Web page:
People's Post

Parks rehab underway

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Soil stabilisation, with the assistance of City of Cape Town, has been completed in Table Mountain National Park with teams continuing to monitor the area for mudslide and water runoff.
Soil stabilisation, with the assistance of City of Cape Town, has been completed in Table Mountain National Park with teams continuing to monitor the area for mudslide and water runoff.

With hikers and conservation groups eager to return to Table Mountain, South African National Parks (SanParks) announced on Sunday 9 May that certain areas, particularly Rhodes Memorial and Deer Park, would remain closed until rehabilitation work was completed.

Frans van Rooyen, park manager at Table Mountain National Park (TMNP), said they have been inundated with calls and messages from users who would want to go back and embark on various activities within the areas. “But, unfortunately, at this stage it is unsafe to allow access until the rehabilitation work has been finalised… and we request a bit of patience from the users,” Van Rooyen said.

Although no estimated date of completion has been given, Babalwa Dlangamandla, public relations officer for TMNP, said the areas affected by the fire had been secured for risk identification and that the infrastructure assessment within the burnt area was in progress. Soil stabilisation, with the assistance of City of Cape Town, is another task which has been completed with teams continuing to monitor the area for mudslide and water runoff.

“(SanParks) has met with the various local stakeholders to discuss the impacts of post fire and remedial actions. This is a continuous process,” said Dlangamandla.

Planned work anticipated to commence by the end of May include the felling of burnt and dangerous trees, footpath maintenance, the monitoring of soil erosion, boardwalk repairs, the repair of water pipe lines and electricity lines, and signage replacement.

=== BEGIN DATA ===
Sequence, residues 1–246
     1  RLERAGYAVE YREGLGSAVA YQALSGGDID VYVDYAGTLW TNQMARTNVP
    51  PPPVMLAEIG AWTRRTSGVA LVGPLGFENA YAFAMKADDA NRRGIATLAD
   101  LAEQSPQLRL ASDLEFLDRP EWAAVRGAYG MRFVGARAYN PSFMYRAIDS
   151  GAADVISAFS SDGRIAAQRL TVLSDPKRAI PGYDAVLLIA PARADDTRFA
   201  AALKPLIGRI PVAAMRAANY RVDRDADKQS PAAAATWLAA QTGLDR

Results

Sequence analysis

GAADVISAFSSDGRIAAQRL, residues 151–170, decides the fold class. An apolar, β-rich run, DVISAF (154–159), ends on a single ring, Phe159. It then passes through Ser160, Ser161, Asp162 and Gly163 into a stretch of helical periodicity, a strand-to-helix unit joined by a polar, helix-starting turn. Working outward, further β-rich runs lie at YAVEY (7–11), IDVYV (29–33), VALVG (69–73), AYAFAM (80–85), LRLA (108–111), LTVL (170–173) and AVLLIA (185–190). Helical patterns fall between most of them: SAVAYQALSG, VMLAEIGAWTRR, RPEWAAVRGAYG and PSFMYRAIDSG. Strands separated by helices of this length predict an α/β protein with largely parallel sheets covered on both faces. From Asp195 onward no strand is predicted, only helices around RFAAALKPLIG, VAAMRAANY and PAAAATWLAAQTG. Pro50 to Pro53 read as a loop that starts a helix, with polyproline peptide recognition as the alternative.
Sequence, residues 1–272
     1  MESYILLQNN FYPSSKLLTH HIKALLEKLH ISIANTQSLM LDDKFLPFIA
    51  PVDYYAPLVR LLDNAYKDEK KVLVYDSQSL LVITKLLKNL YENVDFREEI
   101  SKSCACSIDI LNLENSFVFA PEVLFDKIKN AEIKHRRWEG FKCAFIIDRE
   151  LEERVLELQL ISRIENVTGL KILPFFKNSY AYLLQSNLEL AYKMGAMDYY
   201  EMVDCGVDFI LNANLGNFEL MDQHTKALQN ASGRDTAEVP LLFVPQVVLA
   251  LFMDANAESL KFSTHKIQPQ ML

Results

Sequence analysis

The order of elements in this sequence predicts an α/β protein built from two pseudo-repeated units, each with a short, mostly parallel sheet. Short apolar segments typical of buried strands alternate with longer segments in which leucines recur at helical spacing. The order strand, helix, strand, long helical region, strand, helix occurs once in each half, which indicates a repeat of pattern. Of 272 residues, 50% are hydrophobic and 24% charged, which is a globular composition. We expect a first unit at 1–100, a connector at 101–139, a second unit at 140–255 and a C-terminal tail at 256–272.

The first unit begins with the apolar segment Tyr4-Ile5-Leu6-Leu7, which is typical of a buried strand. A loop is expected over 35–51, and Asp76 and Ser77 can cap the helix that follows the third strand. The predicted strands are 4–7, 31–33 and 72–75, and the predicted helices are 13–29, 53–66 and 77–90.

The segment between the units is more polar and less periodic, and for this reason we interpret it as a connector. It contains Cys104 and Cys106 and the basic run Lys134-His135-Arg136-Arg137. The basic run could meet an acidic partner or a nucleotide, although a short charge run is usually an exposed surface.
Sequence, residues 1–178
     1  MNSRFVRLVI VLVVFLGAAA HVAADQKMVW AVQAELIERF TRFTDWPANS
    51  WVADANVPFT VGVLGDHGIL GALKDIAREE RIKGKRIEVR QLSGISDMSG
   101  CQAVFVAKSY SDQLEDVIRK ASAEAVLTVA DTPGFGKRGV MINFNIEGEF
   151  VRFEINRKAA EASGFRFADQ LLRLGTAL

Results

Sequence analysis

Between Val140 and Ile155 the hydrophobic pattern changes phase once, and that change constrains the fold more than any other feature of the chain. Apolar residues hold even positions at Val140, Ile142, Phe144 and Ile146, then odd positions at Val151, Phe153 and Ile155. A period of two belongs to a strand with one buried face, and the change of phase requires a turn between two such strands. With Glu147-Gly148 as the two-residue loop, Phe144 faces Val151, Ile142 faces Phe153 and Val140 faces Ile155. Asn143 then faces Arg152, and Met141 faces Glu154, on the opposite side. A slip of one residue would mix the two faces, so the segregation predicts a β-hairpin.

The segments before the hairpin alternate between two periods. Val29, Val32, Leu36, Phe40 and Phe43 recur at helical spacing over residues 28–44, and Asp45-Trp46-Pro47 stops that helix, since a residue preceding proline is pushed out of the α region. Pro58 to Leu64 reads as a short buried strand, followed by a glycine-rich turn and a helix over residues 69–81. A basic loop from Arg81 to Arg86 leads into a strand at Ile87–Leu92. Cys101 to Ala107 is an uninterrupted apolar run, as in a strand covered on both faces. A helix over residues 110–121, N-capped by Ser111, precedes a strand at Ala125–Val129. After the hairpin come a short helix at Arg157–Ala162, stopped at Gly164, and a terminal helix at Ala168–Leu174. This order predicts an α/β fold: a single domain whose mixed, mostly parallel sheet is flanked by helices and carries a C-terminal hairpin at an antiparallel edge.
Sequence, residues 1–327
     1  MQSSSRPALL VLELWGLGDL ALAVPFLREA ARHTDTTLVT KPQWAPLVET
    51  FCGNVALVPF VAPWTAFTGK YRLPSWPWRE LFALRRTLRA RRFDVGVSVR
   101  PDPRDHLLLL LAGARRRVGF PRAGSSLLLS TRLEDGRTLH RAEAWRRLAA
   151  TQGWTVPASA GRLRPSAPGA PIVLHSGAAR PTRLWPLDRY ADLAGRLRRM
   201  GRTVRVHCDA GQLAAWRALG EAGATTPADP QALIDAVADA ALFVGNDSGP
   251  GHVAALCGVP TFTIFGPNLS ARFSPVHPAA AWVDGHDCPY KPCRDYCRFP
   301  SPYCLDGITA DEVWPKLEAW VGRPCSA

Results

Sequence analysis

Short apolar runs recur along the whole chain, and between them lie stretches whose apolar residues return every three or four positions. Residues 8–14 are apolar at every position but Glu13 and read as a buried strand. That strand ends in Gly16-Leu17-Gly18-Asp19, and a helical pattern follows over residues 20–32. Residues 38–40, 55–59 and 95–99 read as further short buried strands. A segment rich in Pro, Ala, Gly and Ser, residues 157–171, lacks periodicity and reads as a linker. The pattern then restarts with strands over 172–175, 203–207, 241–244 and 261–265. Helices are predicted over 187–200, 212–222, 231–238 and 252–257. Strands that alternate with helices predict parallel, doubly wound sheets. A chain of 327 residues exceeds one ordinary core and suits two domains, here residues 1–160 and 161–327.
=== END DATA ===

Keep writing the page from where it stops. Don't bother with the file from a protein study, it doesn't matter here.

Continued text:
“The recovery of fynbos will be closely monitored by our ecologist scientist, who will study the return of plants and animals after the fire,” said Dlangamandla.

One group keen not to let the grass, or in this case alien invasive plants, grow under their feet is the Friends of Rhodes Memorial (Form).

Form chair Gabriel Clark-Brown had hoped to hold a clean-up of the charred site at Rhodes Memorial on Freedom Day, Tuesday 27 April (“Rhodes Memorial clean-up planned for Freedom Day”, People’s Post (online), 21 April) but he was told the clean-up couldn’t go ahead just yet as SanParks staff, engineers, the Western Cape Heritage Department and the insurance evaluators were busy with official work on site.

“Following the huge damage that the fire caused at Rhodes Memorial, we would like to take this window of opportunity to be able to rake up all the litter and start to plant indigenous fynbos and trees,” says Clark-Brown. He explains that, initially, when the monument was built in 1912 (using monies raised through donations by more than 30 000 people) there wasn’t as much tree covering.

“Now we hope to raise funds to purchase trees, including yellowwood, Protea and silverleaf trees, to replace those that were badly burnt in the fire. I believe that in a few years the Memorial, a place where all South Africans feel welcome to relax, meditate and enjoy the view, will look absolutely beautiful, free of alien trees and plants,” says Clark-Brown, adding that funds raised would go towards buying saplings, the planned clean-up as well as repairing items such as Rhodes’s bench and removing deadwood. He says donations in time – joining Form to assist in the planting of fynbos when the time comes – would also be much appreciated.

Dlangamandla said the park has been in contact with Form and other interested parties with regards to granting them access to the burnt areas to conduct clean-ups.

“We have stated the reasons why they cannot access these areas due to safety precautions. We’ll invite them after we’ve completed our assessment and once the area is safe. We will be in a good position to invite them in assisting with activities like clean-ups and alien hacks,” she says.

Re-opened paths in TMNP include Newlands Forest, Newlands picnic site, Devil’s Peak towards Platteklip footpath, Molteno jeep track towards Kloofnek, Atlantic Seaboard (Camps Bay, Kasteelspoort), Constantia Nek, Lion’s head, Signal Hill and Cecilia Forest.

Areas that remain closed are Devil’s Peak slopes, Deer Park, Rhodes Memorial, Kings Blockhouse, Devil’s Peak contour footpath, Newlands ravine, Newlands contour path, Woodstock cave, Tafelberg Road beyond the chain, Deadman’s Tree, Bridle Road intersection, Platteklip Washhouses boardwalk, Rocklands access point, Murray & Stewart quarry (Old quarry), Mostert Mill (Mowbray footbridge) and Old Zoo sites.

“SanParks will continue to provide updates on progress made as information becomes available and we would like to thank you for your patience and cooperation during this time,” Van Rooyen concluded.

  • To find out more about joining Form and activities, go to

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